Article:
While a stressful family environment in childhood has long been blamed for various psychological effects later in life, new research suggests that hostile situations at home may also have big physical implications for young girls.
In a study released Thursday, researchers at the University of Arizona and the University of Wisconsin-Madison looked at families of 227 preschool children, following them as they progressed through middle school. In particular, the researchers looked for the first hormonal signs of puberty in these children.
What they found was that parental support -- or lack of it -- may partially determine at what age young girls hit puberty. Specifically, young girls with families who were more supportive in preschool years tended to hit puberty later than their counterparts in less supportive family environments.
The research stops short of drawing a bold link between early stress and early puberty, as factors such as family income and other environmental factors may also be at play. But lead study author Bruce Ellis said that while it is still too early for parents to make solid conclusions based on the evidence, the findings hint at an interesting evolutionary link between sexual maturation and stress.
"Children adjust their development to match the environments in which they live," said Ellis, an associate professor in the Division of Family Studies and Human Development at the University of Arizona in Tucson.
"Children who grow up in environments that are dangerous and unpredictable tend to grow up faster," he said. "In the world in which humans evolved, danger and uncertainty meant a shorter lifespan, and going into puberty earlier in this context increased chances of surviving, reproducing and passing on your genes."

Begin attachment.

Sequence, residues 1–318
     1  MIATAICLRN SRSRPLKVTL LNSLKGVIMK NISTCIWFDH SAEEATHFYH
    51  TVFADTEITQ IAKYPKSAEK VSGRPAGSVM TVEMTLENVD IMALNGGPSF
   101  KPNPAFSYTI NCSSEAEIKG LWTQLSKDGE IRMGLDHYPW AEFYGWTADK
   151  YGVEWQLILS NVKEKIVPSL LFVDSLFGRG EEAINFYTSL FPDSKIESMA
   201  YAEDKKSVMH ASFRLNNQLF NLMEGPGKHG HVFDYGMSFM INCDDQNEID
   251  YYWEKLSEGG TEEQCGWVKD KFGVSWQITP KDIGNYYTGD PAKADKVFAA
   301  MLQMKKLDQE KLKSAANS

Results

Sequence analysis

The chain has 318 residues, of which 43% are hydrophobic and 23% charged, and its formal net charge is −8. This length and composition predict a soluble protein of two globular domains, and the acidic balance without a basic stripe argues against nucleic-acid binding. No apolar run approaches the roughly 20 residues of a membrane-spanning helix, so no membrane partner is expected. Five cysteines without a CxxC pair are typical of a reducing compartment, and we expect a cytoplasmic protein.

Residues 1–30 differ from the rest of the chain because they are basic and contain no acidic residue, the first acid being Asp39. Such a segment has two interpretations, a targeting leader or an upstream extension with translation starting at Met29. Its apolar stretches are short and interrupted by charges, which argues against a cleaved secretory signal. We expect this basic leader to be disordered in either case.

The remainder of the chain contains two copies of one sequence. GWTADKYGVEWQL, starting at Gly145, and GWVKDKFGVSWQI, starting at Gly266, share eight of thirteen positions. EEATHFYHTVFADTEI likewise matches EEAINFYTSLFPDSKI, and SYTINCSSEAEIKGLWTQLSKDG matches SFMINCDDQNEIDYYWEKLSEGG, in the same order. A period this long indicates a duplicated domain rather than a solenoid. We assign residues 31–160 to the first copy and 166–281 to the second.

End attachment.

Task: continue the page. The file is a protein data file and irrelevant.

Julia Graber, associate professor of psychology at the University of Florida in Gainesville, said the study adds to a growing body of evidence linking early stress with the onset of puberty.
"It's an interesting topic, there has really been a lot of research coming out recently on this particular issue," said Graber, who was not affiliated with the research.
But she agreed with Ellis that too many unanswered questions still exist for definite conclusions to be drawn.
"As yet, there is no clear idea of why stress factors work in this way."
If one thing is certain, it is that early sexual development in girls is often a signal for other health consequences.
Past research has already shown, for example, that early puberty in girls increases the risk of various health problems, both physical and psychological.
"In today's world, early puberty in girls is a risk for many things, such as breast cancer, teenage pregnancy and depression," Ellis said. "Effective prevention strategies depend on understanding the factors that speed up puberty."
Graber said girls may be more susceptible to such environmental factors for the simple reason that, evolutionarily speaking, bearing children successfully goes hand-in-hand with favorable environmental conditions. Hence, she said, the female system is programmed to be more responsive to environmental cues.
Still, Graber added, the concept of stress leading to early puberty is in some ways puzzling.
"The body needs to be healthy in order to be pregnant, and stress seems to impact health negatively," she said. "What we're seeing is something that doesn't really fit in terms of what we'd expect."